H, Vandenberg, D. Palaske. R. Chinn
Front row: R. Davis, R. Campbell, R. Brogan, 1. Blackman. 1. Harvey, T. Manning,
Top row: Coach Childers, R. Campbell, ll. Yanclenberg. R. Denman, R. Doolittle,
XV. Dzilgaarcl, J. l':l:l:lllQ'CY, R. Riclclel, C. Slionsclieek, C, Miller, D. Davis, J. Mapletliorpe
llottoin row: j. Harvey, 'lf Maiiiiing, lf. Dressel, J. Crandall, B. Schneider, R. Vliells,
er, R. Hallwas, R. Strang
,Xpril l3-'lila at ,"XlllQlOCll
April 2Zf.-Xntiocli at Xfvklufflllilli
.X p r
il Z9-NVarren at Antioch
Klay 3-.-Xntiocli at Arliliggtraii
' oikntioeli at Ela
May 13-XN'aueoncla at Antioch
May ZU-Niles Center at .Xntiocli
BASEBALL AT ANTIOCH TOWNSHIP HIGH SCHOOL
The school officials and Coach R. H. Childers believe that the national game of base-
ball should be one of the major sports in the athletic program of the high school. With
this in View the spring season our after school activities stress the coaching of baseball to
all those interested.
Our teams Without the stress of winning every contest have made enviable records.
In the northern section of the conference we have led the way. The school furnishes equip-
ment for more than two teams. We always have two teams out for practice every night
to ive inning scrimmage games. The outlook for the season is very promising and we eX-
pect to finish again in the first division. Some of our graduates have been called to the
minor leagues of organized baseball. "Play Ball."
Mr. R. H. Childers Miss H. M. Olson
The Antioch Township High School has one of the best set-ups for intramural
sports in the state of Illinois. The system under which the program Works at Antioch is
the latest in the Held of education. Most high schools today hold their interclass sports and
contests after school hours which allows only a limited number because of outside interests
and other school activities. At Antioch the boys and girls engage in athletic sports during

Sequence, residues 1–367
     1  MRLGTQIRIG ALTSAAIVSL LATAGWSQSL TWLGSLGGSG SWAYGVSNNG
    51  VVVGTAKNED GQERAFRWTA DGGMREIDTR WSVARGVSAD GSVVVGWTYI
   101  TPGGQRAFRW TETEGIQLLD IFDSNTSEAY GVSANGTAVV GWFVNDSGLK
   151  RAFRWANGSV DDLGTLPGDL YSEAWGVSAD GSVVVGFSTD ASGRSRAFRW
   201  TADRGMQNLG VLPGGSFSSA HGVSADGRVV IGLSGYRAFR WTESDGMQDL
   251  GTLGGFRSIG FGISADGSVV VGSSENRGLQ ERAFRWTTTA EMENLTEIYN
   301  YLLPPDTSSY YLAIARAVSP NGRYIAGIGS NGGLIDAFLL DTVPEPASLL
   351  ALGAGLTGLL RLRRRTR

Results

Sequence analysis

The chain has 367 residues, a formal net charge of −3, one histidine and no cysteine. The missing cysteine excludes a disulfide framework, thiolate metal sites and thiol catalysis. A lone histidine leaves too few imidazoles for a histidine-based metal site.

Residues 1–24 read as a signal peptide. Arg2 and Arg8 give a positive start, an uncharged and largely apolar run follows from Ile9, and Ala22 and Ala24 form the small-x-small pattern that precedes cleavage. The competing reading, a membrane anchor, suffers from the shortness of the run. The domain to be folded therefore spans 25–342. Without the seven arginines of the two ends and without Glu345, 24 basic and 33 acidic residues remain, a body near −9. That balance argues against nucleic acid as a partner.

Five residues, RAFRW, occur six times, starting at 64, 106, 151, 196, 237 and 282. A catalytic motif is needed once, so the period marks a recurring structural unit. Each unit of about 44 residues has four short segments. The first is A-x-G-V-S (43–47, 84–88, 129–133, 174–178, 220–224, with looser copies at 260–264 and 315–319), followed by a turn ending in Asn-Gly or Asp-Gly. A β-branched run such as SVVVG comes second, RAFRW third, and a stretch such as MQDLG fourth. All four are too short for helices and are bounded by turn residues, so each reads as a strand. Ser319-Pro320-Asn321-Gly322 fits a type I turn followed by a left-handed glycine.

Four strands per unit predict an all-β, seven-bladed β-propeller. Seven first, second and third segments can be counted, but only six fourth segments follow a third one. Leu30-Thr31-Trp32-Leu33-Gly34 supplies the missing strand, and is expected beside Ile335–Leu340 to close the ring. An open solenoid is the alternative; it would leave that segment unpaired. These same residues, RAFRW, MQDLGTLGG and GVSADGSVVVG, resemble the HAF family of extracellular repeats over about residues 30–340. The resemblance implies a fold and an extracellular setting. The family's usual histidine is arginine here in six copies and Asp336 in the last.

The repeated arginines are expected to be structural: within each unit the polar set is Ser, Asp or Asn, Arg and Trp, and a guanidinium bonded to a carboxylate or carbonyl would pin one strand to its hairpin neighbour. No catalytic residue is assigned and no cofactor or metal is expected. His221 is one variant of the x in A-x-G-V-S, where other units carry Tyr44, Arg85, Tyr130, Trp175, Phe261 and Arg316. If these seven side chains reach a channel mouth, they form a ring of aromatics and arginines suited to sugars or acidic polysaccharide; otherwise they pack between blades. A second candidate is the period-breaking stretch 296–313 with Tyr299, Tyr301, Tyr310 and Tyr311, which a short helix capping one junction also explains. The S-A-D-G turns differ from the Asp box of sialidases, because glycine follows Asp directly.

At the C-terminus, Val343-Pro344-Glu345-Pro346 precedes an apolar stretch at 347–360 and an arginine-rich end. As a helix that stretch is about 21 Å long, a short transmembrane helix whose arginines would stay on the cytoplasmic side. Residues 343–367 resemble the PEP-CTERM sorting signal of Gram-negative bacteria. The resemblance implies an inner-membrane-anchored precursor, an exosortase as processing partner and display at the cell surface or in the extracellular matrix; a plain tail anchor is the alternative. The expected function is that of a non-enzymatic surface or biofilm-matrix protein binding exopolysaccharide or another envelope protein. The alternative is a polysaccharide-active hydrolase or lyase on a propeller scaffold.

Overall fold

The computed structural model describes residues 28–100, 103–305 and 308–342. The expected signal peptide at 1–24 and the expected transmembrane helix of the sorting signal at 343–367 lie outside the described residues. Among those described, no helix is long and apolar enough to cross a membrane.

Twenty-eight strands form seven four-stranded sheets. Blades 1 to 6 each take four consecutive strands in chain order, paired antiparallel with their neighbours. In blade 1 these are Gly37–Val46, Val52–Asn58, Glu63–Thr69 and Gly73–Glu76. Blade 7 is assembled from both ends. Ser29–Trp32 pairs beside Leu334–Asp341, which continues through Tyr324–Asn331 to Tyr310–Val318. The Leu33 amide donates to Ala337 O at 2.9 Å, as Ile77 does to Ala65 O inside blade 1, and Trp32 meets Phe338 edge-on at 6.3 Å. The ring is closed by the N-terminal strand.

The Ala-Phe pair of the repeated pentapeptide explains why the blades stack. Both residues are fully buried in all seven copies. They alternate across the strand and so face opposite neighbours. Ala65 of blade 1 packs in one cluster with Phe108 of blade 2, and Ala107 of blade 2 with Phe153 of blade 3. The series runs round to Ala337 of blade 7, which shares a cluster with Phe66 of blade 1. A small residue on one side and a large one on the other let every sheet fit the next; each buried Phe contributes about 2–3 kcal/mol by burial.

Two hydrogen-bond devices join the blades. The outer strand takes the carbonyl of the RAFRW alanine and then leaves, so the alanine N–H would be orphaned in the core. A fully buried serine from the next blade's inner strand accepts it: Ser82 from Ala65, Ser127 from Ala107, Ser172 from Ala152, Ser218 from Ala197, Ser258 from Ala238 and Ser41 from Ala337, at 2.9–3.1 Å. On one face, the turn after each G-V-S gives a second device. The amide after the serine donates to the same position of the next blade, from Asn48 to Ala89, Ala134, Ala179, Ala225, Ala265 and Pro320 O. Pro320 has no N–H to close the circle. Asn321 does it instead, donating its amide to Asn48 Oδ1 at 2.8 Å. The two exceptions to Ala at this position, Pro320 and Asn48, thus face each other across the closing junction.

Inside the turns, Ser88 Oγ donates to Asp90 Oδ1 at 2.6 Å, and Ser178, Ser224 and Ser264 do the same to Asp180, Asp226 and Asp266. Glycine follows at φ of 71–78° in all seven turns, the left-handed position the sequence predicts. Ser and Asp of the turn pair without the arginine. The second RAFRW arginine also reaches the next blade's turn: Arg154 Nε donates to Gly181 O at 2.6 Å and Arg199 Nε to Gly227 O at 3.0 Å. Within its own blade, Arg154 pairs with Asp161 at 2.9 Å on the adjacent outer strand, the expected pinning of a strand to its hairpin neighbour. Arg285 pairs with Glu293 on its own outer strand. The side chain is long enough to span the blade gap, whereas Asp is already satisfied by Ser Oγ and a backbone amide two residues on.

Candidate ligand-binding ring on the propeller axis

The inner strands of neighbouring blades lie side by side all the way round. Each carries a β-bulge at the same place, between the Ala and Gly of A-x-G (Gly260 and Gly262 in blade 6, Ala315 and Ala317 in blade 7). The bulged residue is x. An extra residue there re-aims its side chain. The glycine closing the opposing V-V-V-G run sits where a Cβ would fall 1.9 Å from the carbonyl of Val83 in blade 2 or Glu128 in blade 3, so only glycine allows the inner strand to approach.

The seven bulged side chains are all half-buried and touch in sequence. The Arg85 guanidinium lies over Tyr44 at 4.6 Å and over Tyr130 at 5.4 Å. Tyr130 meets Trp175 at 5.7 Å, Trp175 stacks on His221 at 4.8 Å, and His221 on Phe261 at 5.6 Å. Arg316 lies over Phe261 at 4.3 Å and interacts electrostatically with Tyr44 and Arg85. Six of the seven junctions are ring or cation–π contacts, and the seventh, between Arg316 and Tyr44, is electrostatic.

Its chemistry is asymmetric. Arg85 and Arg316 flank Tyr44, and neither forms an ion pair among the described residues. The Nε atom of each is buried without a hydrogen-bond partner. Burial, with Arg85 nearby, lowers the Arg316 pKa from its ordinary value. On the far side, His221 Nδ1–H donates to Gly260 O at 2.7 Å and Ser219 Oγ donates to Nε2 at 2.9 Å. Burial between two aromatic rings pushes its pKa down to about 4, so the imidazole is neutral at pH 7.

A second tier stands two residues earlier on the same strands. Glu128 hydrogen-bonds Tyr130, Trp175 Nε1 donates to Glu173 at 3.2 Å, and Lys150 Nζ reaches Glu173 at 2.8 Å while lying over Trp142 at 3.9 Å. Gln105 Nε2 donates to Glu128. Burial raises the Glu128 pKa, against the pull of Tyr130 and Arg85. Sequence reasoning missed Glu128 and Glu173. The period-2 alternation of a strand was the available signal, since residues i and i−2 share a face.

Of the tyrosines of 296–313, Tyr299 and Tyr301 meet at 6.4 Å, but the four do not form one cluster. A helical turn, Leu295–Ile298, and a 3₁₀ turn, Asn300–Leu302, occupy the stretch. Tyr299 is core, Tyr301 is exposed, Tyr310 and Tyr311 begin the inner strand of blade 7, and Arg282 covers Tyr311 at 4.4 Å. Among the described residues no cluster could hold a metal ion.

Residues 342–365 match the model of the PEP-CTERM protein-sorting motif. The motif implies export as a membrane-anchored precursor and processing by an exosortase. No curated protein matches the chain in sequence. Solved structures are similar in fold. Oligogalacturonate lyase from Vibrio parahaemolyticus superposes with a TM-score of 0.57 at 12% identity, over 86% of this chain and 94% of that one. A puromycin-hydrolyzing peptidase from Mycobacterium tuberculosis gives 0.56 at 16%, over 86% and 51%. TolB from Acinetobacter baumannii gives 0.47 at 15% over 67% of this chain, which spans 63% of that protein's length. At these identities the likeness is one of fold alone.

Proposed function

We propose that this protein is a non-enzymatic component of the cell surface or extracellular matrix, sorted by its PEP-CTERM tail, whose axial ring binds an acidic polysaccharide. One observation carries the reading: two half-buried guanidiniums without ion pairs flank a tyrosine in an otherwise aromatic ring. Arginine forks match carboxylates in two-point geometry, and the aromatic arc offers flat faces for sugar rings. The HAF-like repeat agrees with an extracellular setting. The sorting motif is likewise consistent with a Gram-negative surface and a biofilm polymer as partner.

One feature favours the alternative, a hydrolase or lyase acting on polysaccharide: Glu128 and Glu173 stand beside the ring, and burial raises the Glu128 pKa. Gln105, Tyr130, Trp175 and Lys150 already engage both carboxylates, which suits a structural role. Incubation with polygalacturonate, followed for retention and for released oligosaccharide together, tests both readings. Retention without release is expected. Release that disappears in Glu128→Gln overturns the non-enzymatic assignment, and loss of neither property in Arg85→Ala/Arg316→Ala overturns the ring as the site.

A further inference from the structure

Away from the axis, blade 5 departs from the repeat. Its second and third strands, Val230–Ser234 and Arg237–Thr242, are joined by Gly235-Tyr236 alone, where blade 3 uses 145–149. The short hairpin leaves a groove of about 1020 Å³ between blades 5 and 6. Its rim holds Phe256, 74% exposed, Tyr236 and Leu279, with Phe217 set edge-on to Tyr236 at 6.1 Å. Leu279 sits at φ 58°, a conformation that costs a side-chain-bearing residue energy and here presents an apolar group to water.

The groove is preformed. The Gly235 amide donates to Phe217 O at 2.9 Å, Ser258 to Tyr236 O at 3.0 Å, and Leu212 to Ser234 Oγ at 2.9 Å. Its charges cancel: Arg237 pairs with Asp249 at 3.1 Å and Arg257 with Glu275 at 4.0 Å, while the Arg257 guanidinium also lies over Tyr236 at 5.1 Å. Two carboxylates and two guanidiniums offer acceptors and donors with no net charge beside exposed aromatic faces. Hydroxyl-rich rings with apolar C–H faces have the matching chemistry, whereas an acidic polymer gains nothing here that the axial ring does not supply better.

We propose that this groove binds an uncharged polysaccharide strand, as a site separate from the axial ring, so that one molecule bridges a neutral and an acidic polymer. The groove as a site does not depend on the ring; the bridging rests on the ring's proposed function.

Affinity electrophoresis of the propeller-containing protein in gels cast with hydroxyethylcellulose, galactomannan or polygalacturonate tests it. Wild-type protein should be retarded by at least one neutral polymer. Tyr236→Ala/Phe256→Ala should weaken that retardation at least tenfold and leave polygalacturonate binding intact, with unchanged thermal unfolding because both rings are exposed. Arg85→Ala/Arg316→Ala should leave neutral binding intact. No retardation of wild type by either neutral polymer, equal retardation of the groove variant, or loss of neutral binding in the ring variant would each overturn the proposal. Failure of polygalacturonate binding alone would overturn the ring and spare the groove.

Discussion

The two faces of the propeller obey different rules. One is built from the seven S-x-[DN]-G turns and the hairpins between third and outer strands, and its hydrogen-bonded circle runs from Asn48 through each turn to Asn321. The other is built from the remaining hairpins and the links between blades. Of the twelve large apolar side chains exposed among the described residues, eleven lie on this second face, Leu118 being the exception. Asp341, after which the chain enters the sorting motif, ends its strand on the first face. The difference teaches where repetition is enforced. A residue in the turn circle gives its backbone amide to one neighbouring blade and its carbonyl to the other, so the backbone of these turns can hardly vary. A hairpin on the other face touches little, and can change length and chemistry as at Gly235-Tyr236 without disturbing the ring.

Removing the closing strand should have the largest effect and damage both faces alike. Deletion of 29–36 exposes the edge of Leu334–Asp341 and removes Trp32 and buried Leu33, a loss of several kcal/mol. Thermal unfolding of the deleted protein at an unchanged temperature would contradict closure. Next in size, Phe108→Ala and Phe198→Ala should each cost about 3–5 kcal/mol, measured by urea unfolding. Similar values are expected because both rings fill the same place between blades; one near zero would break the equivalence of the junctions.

regular school hours. With hour periods for this purpose every boy and girl is exposed to
numerous play activities. Our aim is to teach games and athletic sports so that they will
be carried over into adult life for use during leisure hours. The games and sports taught at
Antioch Township High School are the following: Basketball, touch-football, baseball, ten-
nis, soft ball, volley ball, golf, ping-pong, badminton, archery, held hockey, ice hockey,
horseshoe, soccer, gymnastics, tap and social dancing fold time and newj, tumbling and
apparatus and track and field athletics. Every boy and girl learns the skills of all the games
and then specializes in one or more sports.
PAGE THIRT Y-ONE
The G. A. A. started out very active by initiating the Freshmen into the
organization and having a kids party.
Near the beginning of the year the girls decided they should raise some
money. They had a magazine campaign in which the whole school cooperated.
It turned out to be very successful. The money earned was for awards, sending
girls to G. A. A. camp and any other item that came up.
They chose a leader for each sport and it was her responsibility to interest
girls in coming out for her sport and taking attendance. The leaders elected for
the different sports were as follows: .
Eileen Synder - Archery Lois Craft - Valley Ball
Mildred Horan - Baseball Mildred Van Patten - DIIllC'll1g